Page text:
Jacobson & John attorney Hollie John recently prevailed in a due process hearing against a Bucks County School District, resulting not only in a significant compensatory education award for the student, but also the rare Hearing Officer finding of discrimination by the school district.
The student began Kindergarten in the District for the 2014-2015 school year, and was then retained in Kindergarten for the 2015-2016 school year. He exhibited significant behaviors from the very start of school, as well as academic difficulties, which persisted throughout the two Kindergarten years. The student’s grandparents requested an evaluation for special education services numerous times, but were told that the District does not evaluate Kindergarten students. The Hearing Officer credited the grandparents’ testimony, that “. . .the only conclusion I can reasonably draw is that the principal, at least, if not the District as a whole, does not believe in evaluating Kindergarten students.” This was a violation of the District’s child find duties, and was also discriminatory conduct.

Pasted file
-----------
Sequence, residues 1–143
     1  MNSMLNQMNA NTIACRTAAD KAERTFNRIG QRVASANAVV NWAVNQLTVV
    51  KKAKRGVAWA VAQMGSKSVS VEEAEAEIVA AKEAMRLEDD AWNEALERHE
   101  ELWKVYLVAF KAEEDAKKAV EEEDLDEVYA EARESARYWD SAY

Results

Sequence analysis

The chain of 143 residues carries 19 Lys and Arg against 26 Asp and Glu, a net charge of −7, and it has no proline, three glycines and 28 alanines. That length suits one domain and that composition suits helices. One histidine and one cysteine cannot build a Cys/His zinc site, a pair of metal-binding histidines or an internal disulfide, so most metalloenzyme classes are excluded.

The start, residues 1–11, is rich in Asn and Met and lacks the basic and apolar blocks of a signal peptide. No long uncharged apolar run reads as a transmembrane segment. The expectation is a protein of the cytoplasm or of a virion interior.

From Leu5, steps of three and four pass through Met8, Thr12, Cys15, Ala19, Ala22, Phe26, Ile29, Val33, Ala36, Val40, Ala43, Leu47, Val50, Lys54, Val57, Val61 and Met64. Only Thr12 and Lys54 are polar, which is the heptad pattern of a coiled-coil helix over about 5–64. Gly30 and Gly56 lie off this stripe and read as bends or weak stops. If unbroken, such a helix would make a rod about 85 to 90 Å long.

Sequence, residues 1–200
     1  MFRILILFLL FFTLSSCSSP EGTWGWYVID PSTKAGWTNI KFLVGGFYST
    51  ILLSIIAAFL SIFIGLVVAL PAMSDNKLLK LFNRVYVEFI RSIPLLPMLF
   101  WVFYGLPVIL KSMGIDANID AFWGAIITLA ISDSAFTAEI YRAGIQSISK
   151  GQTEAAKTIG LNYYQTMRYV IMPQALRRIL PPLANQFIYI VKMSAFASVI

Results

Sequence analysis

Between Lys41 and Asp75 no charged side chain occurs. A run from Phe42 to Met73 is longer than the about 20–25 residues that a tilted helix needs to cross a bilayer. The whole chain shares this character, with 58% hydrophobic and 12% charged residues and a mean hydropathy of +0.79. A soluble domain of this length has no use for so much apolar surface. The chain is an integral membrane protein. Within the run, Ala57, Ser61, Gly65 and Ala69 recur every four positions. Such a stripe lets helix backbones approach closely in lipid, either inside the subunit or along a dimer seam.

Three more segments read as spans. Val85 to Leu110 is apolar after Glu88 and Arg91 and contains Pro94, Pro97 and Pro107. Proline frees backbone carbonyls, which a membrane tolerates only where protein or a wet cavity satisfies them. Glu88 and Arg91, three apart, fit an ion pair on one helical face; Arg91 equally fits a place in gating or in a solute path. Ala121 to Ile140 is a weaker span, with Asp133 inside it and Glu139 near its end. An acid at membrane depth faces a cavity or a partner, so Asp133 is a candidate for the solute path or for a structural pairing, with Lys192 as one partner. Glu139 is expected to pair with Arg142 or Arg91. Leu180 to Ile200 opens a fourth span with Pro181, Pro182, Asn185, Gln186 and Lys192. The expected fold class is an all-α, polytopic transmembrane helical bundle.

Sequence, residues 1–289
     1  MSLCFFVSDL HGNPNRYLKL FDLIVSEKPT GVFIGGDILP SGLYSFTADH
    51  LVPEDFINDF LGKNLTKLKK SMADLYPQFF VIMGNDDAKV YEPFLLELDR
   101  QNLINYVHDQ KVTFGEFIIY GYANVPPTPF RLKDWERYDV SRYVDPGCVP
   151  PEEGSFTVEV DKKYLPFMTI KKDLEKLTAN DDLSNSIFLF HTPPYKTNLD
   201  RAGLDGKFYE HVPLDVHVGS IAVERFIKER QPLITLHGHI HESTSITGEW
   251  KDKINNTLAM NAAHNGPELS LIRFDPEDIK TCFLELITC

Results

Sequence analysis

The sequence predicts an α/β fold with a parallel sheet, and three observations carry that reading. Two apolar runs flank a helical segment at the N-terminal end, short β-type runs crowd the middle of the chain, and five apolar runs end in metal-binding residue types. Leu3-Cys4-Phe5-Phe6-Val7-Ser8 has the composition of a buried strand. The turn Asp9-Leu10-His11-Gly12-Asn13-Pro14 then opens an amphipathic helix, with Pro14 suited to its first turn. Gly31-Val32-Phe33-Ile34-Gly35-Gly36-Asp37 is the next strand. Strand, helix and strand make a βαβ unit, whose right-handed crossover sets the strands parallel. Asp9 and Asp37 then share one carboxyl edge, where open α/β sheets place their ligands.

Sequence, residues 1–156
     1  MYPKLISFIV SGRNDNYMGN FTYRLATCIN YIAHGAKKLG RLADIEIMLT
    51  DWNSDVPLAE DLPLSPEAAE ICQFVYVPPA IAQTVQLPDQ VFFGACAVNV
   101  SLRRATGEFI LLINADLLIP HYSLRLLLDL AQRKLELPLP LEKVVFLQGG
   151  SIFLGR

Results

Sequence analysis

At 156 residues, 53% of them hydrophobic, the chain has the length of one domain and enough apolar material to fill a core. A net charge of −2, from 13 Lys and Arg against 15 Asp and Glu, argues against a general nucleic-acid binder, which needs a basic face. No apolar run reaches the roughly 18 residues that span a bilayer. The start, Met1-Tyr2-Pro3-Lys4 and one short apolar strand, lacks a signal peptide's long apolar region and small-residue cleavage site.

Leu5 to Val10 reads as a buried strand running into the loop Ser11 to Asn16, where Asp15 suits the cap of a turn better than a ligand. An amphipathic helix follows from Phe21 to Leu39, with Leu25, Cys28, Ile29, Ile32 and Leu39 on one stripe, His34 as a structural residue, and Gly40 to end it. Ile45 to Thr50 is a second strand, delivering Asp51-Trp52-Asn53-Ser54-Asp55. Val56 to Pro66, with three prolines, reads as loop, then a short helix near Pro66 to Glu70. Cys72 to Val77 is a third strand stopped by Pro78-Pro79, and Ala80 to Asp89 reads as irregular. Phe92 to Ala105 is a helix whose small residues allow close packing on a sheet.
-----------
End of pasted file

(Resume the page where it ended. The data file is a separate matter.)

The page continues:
The Hearing Officer indicated that even the least experienced teacher would have to recognize there was a problem when the behaviors exhibited by the student persisted longer than a 2 month period at the start of school. She found that the District obviously thought something was wrong because they called the Grandmother at work on numerous occasions, suspected that something at home was causing the behaviors, recommended psychiatric treatment and outpatient counseling, recommended wrap-around services, and shortened the student’s school day. The Hearing Officer stated, that “[t]he District definitely saw that something was wrong, but did not seem to see that it had any responsibility to do anything about it, other than opting for retention.”
The Hearing Officer also found that the District discriminated against the student by refusing to evaluate him, expecting the family to seek services outside of school, restraining the student on many occasions which resulted in physical contact as well as scrutiny from peers, removing his recess, excluding him from part of the school day, suggesting that he be kept at home towards the end of the school year, failing to involve a Behavior Analyst or conduct a functional assessment of his behaviors, and failing to follow through on a child study team referral.
The Hearing Officer awarded the student 5 hours of compensatory education for every day that school was in session from January 26, 2015 through June 2, 2016, when an IEP was finally provided to the student.